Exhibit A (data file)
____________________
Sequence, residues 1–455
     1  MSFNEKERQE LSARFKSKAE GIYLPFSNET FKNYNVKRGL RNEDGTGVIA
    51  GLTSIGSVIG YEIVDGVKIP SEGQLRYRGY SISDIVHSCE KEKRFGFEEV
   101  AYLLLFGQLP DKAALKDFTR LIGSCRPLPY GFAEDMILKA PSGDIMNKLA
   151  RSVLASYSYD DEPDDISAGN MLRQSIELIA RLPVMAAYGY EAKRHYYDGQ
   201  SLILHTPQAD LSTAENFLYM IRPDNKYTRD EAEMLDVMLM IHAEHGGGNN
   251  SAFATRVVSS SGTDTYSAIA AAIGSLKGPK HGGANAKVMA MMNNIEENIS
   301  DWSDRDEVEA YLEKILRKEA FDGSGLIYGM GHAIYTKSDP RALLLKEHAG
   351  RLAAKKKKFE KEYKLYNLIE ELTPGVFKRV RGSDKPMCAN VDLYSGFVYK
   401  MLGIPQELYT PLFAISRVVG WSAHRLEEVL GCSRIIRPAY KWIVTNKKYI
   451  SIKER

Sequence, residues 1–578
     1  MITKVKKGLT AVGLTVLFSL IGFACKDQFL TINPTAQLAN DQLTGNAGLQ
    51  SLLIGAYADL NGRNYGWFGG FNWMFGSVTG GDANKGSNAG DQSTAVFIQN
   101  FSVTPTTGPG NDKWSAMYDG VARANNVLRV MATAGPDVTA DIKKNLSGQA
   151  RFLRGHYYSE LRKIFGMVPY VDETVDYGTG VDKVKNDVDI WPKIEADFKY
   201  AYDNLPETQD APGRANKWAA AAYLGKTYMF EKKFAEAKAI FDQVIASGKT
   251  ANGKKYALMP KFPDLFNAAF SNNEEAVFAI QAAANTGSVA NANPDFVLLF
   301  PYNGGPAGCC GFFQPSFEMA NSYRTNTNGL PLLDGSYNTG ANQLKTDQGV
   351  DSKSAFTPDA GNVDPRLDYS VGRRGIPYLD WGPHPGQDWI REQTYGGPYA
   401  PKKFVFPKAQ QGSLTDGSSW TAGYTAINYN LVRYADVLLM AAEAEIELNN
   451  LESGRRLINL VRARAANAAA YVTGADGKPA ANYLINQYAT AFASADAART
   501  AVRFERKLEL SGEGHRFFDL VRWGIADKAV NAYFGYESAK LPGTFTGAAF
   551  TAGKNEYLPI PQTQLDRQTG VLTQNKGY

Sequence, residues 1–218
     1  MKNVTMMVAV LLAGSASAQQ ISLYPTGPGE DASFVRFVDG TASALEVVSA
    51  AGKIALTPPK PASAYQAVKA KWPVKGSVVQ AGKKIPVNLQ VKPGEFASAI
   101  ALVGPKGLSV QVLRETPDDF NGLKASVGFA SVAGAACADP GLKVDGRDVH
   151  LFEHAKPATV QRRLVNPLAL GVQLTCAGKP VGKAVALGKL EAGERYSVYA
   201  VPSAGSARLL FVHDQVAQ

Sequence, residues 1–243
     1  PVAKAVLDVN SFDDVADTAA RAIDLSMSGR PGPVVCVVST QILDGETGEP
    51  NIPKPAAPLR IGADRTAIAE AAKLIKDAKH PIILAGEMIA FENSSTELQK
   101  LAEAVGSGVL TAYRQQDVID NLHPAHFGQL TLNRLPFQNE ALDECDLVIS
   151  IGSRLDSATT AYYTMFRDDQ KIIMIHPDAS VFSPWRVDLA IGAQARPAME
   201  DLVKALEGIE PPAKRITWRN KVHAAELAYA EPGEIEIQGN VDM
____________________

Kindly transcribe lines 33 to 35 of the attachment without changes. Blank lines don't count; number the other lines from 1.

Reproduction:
    51  NIPKPAAPLR IGADRTAIAE AAKLIKDAKH PIILAGEMIA FENSSTELQK
   101  LAEAVGSGVL TAYRQQDVID NLHPAHFGQL TLNRLPFQNE ALDECDLVIS
   151  IGSRLDSATT AYYTMFRDDQ KIIMIHPDAS VFSPWRVDLA IGAQARPAME